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Articles by Topic - Pathogen Control

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thumbnail image: thumbnail for: New Radio-Wave Technique Kills <I>Salmonella</I> in Raw Eggs

News: New Radio-Wave Technique Kills Salmonella in Raw Eggs

The pasteurization process, now in prototype stage, positions each raw egg between two electrodes that send radio waves back and forth through it. At the same time, the egg is sprayed with water, to compensate for some of the heat created by the radio waves. This process warms the egg from the inside out, protecting the delicate egg white, which is more sensitive to heat.

thumbnail image: thumbnail for: FDA Survey Finds Most Cantaloupes Free of Pathogens

News: FDA Survey Finds Most Cantaloupes Free of Pathogens

Cantaloupe safety in the U.S. appears to be improving, according to results of a summer 2013 survey by FDA field officers that were recently reported by Michigan State University. “By and large, samples of melons last summer came back free of Salmonella, E. coli, and Listeria,” said the report. “Most growers are practicing good agricultural practices, even if they aren’t certified as such or keeping records documenting food safety practices.”

thumbnail image: thumbnail for: Researchers Seek Ways to Reduce Porcine Virus Transmission

News: Researchers Seek Ways to Reduce Porcine Virus Transmission

Since the first identification of the PEDV in the U.S last spring, the disease has posed significant challenges to the nation’s swine industry. PEDV is not a zoonotic disease and does not affect food safety, according to the USDA. However, infection with this highly transmissible virus can cause tremendous financial losses to pork producers, the National Pork Board says.

thumbnail image: thumbnail for: New Approaches Needed in Reducing <I>Salmonella</I>-Related Illnesses

News: New Approaches Needed in Reducing Salmonella-Related Illnesses

Current federal performance standards for Salmonella contamination in chicken “do not adequately protect public health” and should be improved, a report released last month by the Pew Charitable Trusts asserts. The document suggests changes that could improve the control of Salmonella contamination in chicken and strengthen federal regulators’ responses to outbreaks.

thumbnail image: thumbnail for: FSIS Releases Strategy to Reduce <I>Salmonella</I>

News: FSIS Releases Strategy to Reduce Salmonella

The USDA’s FSIS recently released its "Salmonella Action Plan" that outlines the steps it will take to address what it calls the most pressing problem it faces: Salmonella in meat and poultry products. In fact, FSIS’ efforts started back a few years ago when it made reducing incidence of Salmonella the priority goal of its 2011-2016 Strategic Plan.

thumbnail image: thumbnail for: Speeding Up the Concentration Step in Food-Pathogen Detection

News: Speeding Up the Concentration Step in Food-Pathogen Detection

One of the most stubborn bottlenecks in rapid detection and identification of foodborne pathogens has long been the very first step: Concentration of enough cells to accurately identify the pathogen. Current standard methods of cell concentration take about 24 hours, but a new method developed by researchers at Purdue University could cut that time to as little as one hour.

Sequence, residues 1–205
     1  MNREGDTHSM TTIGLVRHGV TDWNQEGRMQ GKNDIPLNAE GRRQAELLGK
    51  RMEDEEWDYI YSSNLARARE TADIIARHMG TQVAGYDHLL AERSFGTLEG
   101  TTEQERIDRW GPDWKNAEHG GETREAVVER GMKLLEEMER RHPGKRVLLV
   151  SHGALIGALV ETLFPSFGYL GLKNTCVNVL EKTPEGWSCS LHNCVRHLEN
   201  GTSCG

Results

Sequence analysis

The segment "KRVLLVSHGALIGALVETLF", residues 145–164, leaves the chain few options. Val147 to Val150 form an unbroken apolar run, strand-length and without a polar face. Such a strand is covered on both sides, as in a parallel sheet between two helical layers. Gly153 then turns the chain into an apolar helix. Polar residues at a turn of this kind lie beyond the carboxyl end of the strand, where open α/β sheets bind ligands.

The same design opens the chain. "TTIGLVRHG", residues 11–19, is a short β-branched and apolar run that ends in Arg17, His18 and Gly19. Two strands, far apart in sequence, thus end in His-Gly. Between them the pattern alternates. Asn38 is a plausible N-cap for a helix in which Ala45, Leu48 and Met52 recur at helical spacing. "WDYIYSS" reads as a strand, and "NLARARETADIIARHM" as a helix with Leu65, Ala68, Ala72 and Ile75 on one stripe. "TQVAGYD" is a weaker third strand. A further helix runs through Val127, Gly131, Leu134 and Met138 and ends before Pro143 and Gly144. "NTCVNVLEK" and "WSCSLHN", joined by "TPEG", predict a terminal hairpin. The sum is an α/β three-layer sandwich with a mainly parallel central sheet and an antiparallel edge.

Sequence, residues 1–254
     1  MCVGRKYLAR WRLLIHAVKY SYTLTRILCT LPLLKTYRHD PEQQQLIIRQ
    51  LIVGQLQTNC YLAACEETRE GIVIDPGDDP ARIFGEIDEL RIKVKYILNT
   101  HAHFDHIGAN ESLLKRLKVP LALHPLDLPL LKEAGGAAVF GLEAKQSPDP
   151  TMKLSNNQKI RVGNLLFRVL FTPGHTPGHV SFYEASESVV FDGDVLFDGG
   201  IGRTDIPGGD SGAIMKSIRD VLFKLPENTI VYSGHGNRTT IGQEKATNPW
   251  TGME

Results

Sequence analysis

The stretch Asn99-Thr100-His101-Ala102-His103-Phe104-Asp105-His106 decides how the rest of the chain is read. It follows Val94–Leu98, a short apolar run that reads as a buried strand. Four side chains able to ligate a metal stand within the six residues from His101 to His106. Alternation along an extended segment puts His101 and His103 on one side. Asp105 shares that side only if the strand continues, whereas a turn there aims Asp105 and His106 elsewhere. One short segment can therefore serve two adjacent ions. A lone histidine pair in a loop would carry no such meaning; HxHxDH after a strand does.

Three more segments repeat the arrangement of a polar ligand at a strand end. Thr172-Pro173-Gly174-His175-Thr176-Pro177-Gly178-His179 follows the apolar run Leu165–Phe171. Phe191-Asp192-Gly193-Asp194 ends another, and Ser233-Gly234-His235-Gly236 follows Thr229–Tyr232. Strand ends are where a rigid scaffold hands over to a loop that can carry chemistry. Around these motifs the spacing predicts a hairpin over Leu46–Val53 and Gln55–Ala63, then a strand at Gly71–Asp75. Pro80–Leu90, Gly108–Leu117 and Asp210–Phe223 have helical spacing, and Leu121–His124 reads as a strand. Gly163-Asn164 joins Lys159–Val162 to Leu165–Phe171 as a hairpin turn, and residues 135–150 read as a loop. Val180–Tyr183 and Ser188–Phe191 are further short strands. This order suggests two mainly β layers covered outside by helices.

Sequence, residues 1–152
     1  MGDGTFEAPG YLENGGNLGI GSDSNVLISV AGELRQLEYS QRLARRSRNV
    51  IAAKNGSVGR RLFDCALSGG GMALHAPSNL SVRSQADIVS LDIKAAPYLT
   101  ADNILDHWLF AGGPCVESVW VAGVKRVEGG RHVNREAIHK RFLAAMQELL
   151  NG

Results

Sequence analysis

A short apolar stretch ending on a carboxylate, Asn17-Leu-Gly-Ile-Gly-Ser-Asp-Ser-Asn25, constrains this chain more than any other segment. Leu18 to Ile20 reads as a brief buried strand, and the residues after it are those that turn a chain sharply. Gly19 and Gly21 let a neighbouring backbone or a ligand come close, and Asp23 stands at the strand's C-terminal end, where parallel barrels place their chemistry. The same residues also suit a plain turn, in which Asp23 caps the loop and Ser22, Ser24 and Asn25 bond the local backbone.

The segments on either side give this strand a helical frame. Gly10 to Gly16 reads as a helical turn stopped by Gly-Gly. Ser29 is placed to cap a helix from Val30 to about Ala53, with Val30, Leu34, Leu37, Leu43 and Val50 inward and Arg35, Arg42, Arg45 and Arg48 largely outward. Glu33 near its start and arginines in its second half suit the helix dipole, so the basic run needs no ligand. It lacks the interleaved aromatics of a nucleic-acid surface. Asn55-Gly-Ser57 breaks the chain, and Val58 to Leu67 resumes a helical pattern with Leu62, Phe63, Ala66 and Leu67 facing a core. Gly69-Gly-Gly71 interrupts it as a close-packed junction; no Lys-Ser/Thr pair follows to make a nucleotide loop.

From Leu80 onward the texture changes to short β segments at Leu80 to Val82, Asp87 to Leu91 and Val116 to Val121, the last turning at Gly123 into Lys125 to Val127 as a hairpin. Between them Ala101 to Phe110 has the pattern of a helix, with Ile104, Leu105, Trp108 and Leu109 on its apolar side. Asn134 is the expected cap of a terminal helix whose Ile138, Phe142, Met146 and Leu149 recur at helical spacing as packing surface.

Features: Rapid Detection's Role in Marine Food

Using tests based on lateral flow technology to detect the increased instances of Vibrio parahaemolyticus

thumbnail image: thumbnail for: New <I>Campylobacter</I> Vaccine Strategy Shows Promise

News: New Campylobacter Vaccine Strategy Shows Promise

According to the CDC, Campylobacter cases in 2012 reached their highest level in more than a decade. The infections, most commonly associated with poultry, rose by 14 percent last year compared with the 2006 to 2008 period. Now, researchers at Ohio State University have added another potential poultry vaccine to the list of candidates aiming to tackle this troublesome pathogen, this one involving nanoparticles.

thumbnail image: thumbnail for: Could Olive Powder Kill <I>E. Coli</I>?

News: Could Olive Powder Kill E. Coli?

Plant-based compounds such as olive powder may have the power to shut down pathogens like E. coli in food, according to reports from the USDA’s Agricultural Research Service. Research chemist Mendel Friedman, PhD, has been studying olive powder and other plant compounds (such as apple, onion, and garlic) for many years. In a recent study, Dr. Friedman and colleagues loaded up ground beef patties with E. coli O157:H7, and then mixed in either olive powder or one of the other plant compounds before...

thumbnail image: thumbnail for: Salmonella’s Protection Switch

News: Salmonella’s Protection Switch

The elusive foodborne pathogen Salmonella Typhimurium has developed a unique self-protective mechanism that responds to changes in the environment during its infective period, which may protect it from harm, according to new research from scientists at Pacific Northwest National Laboratory (PNNL) in Richland, Wash.

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April/May 2014

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